Showing posts from July, 2012

Understanding the Scale of Destruction

The Ivanpah Solar project being built in the northeastern Mojave Desert will destroy nearly 5.6 square miles of desert habitat when it is completed, an swath of previously pristine desert that is difficult to fathom.  Thousands of creosote bushes, Mojave yucca, cholla cactus, and rare wildflowers. Cactus wrens, thrashers, and burrowing owls.  Kit foxes, and jackrabbits. Rattlesnakes and desert iguanas. And a thriving population of desert tortoises.  All of this is lost in our quest to generate 392 megawatts of solar energy -- electrons that could have been produced more efficiently and responsibly with rooftop solar. [click on image to expand]   The Ivanpah Solar facility creeps across once pristine desert in the northeastern Mojave Desert. Built in three phases, this photo was taken when desert for only two of the phases had been cleared and bulldozed. [click on image to expand] A fraction of phase 2 is visible in this photo, identifiable by the missing vegetation. Further in

Desert Solar Policy to Create Key Exclusion Areas -- With a Catch

As part of the Department of Interior's proposed Solar Energy Development Program, some lands outside of the solar energy zones and variance areas will be identified as "exclusion areas" where solar applications will no longer be accepted.  These exclusion areas include some key conservation battlegrounds, including the Ivanpah Valley, lands within the proposed Mojave Trails National Monument, and lands outside of the proposed Monument that were donated or acquired for conservation purposes.  From section ES. of the proposed policy: Under the program alternative, the BLM proposes to exclude specific categories of land from utility-scale solar energy development. Right-of way exclusion areas are defined as areas that are not available for location of ROWs under any conditions... The identification of exclusion areas allows the BLM to support the highest and best use of public lands by avoiding potential resource conflicts and reserving for other uses public land t

Clark Mountain

Clark Mountain is an impressive mass towering over the desert, and visible from many parts of the Mojave National Preserve. This photo was taken from the New York Mountains, with Clark Mountain in the distance, across the Ivanpah Valley.

Time for a Change

How much has changed since Michael Jackson's Earth Song video was released in the mid-1990s?  The most sustainable change starts from the grassroots. Not from slogans, mass e-mails, glossy PR campaigns, or Wall Street.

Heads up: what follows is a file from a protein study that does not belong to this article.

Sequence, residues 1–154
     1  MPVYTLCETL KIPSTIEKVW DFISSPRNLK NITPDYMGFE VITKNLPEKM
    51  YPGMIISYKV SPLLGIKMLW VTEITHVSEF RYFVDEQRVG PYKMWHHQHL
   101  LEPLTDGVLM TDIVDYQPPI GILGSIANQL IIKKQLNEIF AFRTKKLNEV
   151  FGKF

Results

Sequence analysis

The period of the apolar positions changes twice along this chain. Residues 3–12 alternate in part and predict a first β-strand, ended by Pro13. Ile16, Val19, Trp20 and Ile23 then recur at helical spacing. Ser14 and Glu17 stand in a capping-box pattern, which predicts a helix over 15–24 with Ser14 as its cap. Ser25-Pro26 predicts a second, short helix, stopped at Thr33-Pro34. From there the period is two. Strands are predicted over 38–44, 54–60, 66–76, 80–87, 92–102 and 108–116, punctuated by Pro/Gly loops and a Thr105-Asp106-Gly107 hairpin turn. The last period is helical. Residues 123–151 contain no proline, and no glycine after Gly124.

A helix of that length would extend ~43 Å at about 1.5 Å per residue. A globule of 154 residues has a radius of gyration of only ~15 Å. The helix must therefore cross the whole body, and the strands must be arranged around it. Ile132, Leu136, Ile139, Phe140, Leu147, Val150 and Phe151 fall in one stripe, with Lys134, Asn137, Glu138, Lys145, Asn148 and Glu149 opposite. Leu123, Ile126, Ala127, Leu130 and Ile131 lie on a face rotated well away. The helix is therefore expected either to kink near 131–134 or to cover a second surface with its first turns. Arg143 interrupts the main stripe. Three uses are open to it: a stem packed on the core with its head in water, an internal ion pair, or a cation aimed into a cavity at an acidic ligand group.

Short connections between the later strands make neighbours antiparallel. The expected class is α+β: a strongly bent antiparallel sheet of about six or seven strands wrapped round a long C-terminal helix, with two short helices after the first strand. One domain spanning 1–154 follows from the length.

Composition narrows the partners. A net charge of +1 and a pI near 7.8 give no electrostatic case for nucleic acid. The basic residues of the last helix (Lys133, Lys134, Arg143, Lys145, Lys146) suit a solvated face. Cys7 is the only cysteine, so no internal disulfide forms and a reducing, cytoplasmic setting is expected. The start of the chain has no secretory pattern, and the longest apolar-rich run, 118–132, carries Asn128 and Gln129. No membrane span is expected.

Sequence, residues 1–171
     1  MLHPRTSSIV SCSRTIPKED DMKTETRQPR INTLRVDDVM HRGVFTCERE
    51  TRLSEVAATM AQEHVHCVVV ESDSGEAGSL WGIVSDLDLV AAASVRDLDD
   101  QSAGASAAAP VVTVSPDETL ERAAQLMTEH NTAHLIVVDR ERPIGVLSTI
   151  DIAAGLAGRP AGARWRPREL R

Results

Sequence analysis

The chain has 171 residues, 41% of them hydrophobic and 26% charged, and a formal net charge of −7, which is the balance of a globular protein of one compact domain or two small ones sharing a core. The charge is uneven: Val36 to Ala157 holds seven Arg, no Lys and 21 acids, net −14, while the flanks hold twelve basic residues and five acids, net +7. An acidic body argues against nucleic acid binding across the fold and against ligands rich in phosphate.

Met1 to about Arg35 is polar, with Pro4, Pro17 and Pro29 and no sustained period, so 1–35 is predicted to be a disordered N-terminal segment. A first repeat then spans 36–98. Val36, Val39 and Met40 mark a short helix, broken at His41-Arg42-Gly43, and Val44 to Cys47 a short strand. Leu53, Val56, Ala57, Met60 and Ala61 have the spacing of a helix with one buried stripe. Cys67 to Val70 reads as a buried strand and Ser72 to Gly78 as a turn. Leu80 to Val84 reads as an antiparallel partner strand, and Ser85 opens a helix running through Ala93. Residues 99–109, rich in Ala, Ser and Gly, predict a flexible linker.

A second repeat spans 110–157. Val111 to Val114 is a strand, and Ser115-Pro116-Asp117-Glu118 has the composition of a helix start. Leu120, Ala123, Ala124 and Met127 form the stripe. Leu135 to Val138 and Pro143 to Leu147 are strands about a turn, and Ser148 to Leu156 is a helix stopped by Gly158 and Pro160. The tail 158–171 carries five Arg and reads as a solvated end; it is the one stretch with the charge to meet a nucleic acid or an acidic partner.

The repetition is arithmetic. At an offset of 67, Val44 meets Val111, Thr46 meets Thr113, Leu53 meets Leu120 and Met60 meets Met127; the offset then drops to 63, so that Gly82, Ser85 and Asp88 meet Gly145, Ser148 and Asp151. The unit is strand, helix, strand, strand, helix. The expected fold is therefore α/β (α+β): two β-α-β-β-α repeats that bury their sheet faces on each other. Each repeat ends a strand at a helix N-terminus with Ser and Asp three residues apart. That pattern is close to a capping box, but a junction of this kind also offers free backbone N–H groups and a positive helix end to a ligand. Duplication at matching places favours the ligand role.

Respect the Soil Crust

Of all nature's wonders that capture our attention, it's easy to take our soil for granted. But a new study reaffirms the importants of cryptobiotic soil crusts.  As the study explains, "organisms fuse with soil particles, stabilizing desert crusts and forming fragile peaks in the soil that influence a variety of processes to allocate important resources." KCET published a great article on these crusts and explaining the important functions they play in desert ecosystems.  These layers take many years to form, and are very fragile.  As we disturb and destroy desert soils, we are turning back the clock on an ecological fabric that could take decades to repair itself. The dark striations on the soil in the center area of the photo is a patch of cryptobiotic crust in the Ivanpah Valley, where First Solar plans to build its Silver State South solar power project.

Desert Solar Policy Codifies Status Quo

The Department of Interior today released the final version of a policy that will smooth the way for industrial-scale solar energy development on public lands throughout America's southwestern deserts.   Even though Interior weakened environmental protections seen in earlier drafts, and crafted the policy to meet industry demands--essentially putting on paper what is already Interior's de facto policy of allowing solar companies to bulldoze wherever they please--several national environmental groups still applauded the announcement, including the Sierra Club, NRDC, the Wilderness Society, and the national Audubon Society.  Their statements of support for the policy probably represent efforts to put positive spin on what is ultimately an environmental catastrophe for the renewable energy industry and our public lands. Corporate Giveaway of Public Lands The final policy--which is expected to be signed by Secretary Salazar later this year--designates nearly 30,000 square miles

BrightSource Energy Falling Short on Mitigation Measures

Biologists tried to warn BrightSource Energy not to build a massive solar project in the Ivanpah Valley -- an area with a particularly high number of the normally hard-to-find desert tortoise.  The company did not listen, and the company's costly plans to "mitigate" its environmental damage may not do much to improve the recovery of this threatened species.  Now that it has mowed and bulldozed nearly 5.6 square miles of prime desert tortoise habitat, the company is now responsible for nearly 400 orphaned or displaced tortoises that have survived the bulldozer blades or were born to mothers that were put in cages during construction. Several tortoises died last year after being attacked by ants in their holding pens, or after they were left wandering the construction area now devoid of any life-saving shade and burrows.  In May, the company reported to the California Energy Commission (CEC) that 6 tortoises have been lost -- three of the tortoises were juveniles being he

BLM Voices Concerns Over BrightSource Water Use

BLM sent a letter to the California Energy Commission (CEC) this month recommending stronger measures to mitigate or monitor BrightSource Energy's proposed Hidden Hills Solar project.  If approved, the project would be built in the Pahrump Valley next to th California-Nevada border, and draw an estimated 227.1 million gallons of water during a 29-month construction period, and 45.6 million gallons each year during operation.  Groundwater is already severely overdrawn in the Pahrump Valley, causing subsidence in the land that may ultimately reduce. the amount of water that can be stored. BLM provided the following photo of large cracks in the land near the proposed Hidden Hills solar site-- an indication of subsidence resulting from overdrawn groundwater. Photo from BLM submission to the CEC. In its submission to the CEC, BLM noted that simply requiring BrightSource to replace extracted water at some point over the expected 30 year life of the project may not be sufficient